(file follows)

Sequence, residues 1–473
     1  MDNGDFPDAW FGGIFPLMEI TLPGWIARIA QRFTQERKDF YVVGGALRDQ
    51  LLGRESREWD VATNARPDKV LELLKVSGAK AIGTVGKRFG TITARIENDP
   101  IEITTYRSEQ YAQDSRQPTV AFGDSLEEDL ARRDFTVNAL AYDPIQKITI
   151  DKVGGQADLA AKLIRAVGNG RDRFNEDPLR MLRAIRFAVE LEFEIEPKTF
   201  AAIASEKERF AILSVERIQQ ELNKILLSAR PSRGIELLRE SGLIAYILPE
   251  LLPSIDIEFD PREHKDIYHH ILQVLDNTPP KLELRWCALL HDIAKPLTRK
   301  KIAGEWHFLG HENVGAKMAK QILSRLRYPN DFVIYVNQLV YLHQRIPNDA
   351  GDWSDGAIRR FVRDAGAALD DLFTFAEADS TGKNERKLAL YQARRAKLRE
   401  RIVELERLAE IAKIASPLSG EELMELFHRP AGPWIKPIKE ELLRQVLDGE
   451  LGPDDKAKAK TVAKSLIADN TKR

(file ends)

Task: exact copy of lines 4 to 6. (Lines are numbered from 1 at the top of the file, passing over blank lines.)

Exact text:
   101  IEITTYRSEQ YAQDSRQPTV AFGDSLEEDL ARRDFTVNAL AYDPIQKITI
   151  DKVGGQADLA AKLIRAVGNG RDRFNEDPLR MLRAIRFAVE LEFEIEPKTF
   201  AAIASEKERF AILSVERIQQ ELNKILLSAR PSRGIELLRE SGLIAYILPE